The only alternative space for public expression in Bahrain is online. However, the internet is closely monitored, with the government spending tens of millions of dollars on surveillance and cybersecurity. The arrest of social-media activists in 2013 had a chilling effect on online speech. Various opposition publications have survived on the web but are forced to operate clandestinely from outside the country. The government is a major shareholder in Batelco, Bahrain’s principal telecommunications company, which monitors e-mail and filters internet content by routing traffic through proxy or cache servers. The government blocks thousands of websites under the pretense of protecting citizens from pornography and other offensive material, though many of the filtered sites are reportedly targeted for their politically sensitive content. Internet platforms used for video streaming or for holding online seminars are blocked, as are the sites of human rights groups operating within Bahrain. Because the mainstream press self-censors, bloggers and microbloggers have become more active to fill the void, which in turn draws government scrutiny. In August 2013, government security forces arrested two bloggers and charged them with inciting hatred against the regime. One of the two, Mohammad Hassan Sadef, said he was tortured while in custody. His lawyer posted on social media about his case and was arrested as well.
The authorities continued efforts to control the country’s international image by severely restricting foreign media access during the year. A report from Bahrain Watch in early 2013 counted more than 200 journalists, observers, and aid workers who had been denied entry to Bahrain since protests began in February 2011. Most foreign journalists were denied access to the kingdom to cover the second anniversary of the protests, and those seeking to cover April’s Formula One Grand Prix—Bahrain’s most prominent annual international event—were vetted before admission. Journalists from Sky News, CNN, Reuters, and the Financial Times have been denied entry to cover the race. The government deported three journalists from the British television channel ITV who were covering the Grand Prix after they reported on massive protests before the event.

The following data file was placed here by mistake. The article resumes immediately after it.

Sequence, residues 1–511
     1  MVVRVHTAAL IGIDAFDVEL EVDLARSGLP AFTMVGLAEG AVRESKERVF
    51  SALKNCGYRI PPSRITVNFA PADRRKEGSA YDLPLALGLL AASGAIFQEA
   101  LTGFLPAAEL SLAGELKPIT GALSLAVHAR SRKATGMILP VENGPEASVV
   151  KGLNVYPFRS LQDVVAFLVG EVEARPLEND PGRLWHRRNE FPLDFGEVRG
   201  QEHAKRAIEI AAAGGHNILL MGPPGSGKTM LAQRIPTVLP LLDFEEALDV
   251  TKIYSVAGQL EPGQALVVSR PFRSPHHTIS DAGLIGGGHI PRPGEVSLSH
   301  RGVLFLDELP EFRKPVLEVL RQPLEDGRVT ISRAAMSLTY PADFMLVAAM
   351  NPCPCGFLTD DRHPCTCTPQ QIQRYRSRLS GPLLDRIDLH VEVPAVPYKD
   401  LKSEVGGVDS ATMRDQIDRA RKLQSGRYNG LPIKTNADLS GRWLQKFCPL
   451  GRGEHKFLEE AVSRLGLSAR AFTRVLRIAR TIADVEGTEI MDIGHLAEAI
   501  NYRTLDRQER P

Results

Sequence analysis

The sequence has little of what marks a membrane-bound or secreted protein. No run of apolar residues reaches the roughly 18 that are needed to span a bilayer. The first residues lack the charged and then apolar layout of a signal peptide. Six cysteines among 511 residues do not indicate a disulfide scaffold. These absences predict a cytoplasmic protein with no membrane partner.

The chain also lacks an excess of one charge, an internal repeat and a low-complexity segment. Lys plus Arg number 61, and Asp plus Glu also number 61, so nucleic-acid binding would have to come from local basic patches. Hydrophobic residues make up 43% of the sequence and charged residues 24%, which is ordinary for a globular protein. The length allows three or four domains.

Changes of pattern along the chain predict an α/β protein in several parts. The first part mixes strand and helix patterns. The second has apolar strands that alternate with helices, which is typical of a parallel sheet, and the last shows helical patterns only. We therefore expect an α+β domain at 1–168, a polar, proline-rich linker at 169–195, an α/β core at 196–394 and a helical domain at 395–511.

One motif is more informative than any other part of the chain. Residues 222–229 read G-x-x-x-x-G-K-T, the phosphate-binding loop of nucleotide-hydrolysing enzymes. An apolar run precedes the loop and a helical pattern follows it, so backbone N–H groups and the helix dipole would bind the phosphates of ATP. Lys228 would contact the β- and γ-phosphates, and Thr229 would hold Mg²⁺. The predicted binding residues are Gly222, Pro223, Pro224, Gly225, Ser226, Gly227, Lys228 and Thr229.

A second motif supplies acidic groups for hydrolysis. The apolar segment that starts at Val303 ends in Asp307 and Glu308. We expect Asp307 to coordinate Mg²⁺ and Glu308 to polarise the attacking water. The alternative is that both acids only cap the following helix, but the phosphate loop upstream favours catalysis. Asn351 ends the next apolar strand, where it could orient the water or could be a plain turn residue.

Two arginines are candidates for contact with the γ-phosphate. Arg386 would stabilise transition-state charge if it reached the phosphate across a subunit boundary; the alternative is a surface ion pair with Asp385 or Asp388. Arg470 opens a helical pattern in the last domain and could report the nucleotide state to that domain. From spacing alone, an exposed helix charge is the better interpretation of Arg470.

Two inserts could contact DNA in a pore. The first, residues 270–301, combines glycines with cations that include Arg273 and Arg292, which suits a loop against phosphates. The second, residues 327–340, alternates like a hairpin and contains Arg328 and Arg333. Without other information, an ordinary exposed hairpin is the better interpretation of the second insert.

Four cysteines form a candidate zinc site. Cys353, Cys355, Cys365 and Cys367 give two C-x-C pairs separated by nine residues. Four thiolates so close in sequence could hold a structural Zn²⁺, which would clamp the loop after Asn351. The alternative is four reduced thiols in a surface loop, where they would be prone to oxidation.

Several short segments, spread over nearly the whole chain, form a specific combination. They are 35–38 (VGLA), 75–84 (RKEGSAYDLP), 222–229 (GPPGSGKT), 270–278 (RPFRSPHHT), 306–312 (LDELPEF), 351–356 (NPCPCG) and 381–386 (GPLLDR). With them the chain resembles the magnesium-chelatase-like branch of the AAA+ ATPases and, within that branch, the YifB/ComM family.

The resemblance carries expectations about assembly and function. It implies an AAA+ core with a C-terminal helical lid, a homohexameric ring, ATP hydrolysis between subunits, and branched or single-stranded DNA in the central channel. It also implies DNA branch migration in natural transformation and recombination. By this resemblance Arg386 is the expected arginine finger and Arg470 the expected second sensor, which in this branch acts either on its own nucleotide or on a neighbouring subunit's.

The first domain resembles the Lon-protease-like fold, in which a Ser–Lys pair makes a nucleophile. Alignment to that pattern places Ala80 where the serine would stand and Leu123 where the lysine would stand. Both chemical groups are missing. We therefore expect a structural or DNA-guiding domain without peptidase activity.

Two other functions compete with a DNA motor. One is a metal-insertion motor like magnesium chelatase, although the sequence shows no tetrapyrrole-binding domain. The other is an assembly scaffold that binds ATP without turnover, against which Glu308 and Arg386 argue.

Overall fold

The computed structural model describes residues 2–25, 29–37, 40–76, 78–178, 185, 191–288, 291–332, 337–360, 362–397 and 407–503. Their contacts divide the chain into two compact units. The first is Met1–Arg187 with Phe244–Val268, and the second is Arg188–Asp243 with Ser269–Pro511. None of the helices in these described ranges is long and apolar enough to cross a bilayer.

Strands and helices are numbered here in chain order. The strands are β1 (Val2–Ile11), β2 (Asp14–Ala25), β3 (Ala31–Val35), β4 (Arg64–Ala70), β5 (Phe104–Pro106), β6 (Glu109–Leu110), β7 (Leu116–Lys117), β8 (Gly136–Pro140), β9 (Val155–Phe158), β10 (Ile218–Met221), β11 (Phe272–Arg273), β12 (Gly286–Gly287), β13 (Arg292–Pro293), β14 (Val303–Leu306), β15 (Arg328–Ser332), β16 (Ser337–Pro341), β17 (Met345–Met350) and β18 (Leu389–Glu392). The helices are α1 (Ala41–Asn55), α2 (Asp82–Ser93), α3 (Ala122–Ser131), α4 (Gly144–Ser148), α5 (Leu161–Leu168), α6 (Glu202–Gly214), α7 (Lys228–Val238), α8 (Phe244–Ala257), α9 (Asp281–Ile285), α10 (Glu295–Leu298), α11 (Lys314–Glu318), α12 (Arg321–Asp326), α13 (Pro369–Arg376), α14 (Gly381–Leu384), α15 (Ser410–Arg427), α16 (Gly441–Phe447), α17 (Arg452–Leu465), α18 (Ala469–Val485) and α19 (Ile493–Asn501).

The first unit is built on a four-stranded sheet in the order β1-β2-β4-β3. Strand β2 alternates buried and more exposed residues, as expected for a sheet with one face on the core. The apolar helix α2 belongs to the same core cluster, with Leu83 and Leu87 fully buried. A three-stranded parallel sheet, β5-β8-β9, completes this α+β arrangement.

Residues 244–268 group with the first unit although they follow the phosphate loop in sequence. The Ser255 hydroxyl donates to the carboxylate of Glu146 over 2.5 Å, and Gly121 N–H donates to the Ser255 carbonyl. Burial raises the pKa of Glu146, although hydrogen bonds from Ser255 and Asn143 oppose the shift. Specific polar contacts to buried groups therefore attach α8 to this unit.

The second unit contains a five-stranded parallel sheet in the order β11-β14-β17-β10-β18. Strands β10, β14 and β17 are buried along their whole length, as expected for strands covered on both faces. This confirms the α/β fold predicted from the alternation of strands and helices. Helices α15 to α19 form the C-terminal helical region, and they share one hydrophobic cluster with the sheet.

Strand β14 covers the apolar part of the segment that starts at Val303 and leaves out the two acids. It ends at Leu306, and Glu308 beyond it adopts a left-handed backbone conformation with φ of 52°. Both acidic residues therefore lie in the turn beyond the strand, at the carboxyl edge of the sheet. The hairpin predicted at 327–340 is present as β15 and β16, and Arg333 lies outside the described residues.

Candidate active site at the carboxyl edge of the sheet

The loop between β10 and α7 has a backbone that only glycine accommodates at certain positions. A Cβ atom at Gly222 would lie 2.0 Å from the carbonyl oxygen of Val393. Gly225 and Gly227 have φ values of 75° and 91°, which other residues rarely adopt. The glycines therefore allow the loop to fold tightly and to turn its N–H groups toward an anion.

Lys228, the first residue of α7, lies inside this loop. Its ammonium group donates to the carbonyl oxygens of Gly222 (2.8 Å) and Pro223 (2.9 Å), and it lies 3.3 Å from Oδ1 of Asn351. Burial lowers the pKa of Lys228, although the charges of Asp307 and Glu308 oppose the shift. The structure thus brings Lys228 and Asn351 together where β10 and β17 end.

The government in 2011 used killings, targeted attacks, and harassment to silence the local press, and such tactics continued to be employed in 2013, but they were rarely necessary, as the majority of journalists practiced self-censorship. Even so, dozens of journalists were subjected to harassment and intimidation by security forces during the year. In June, an appeals court upheld the acquittal of a police officer charged with torturing a journalist; the Bahrain correspondent for France 24 alleged that she had been mistreated in custody after being detained as a result of her coverage of the 2011 protests, and had medical reports to support her claim. In July, prominent blogger and journalist Mohammed Hassan Sadef was arrested, as was photographer Hussain Hubail. Sadef was released in October, while Hubail was still in detention at year’s end. Photographer Qassim Zainaldeen was arrested on August 2 ahead of protests planned for August 14, while Ahmed al-Fardan, an award-winning photographer recognized by human rights groups for his stunning pictures of protests, was arrested in December and held without charge through the end of the year.
Bahrain hosts six privately owned daily newspapers, four in Arabic and two in English. While some of these papers are critical of the government, only Al-Wasat is considered truly independent of government influence, though its editors must practice self-censorship. The government does not own any newspapers, but the IAA maintains significant control over private publications. Newspapers rely heavily on advertising revenue to sustain their operations and often self-censor to avoid offending advertisers that do not want their businesses associated with critical reporting. The government maintains a monopoly on broadcast media, allowing the regime to shape public perceptions of the prodemocracy movement and characterize it as sectarian extremism. Private broadcasting licenses are not awarded despite continued interest from media owners. However, there is some room for free expression on television call-in shows. Foreign radio and television broadcasts are generally received without interference, and the majority of households have access to satellite stations; Qatar’s Al-Jazeera and Saudi-owned Al-Arabiya (broadcasting out of the United Arab Emirates) remain Bahraini citizens’ main sources of news. The internet is also widely used as a news and information source; some 90 percent of Bahrain’s population accessed the internet in 2013.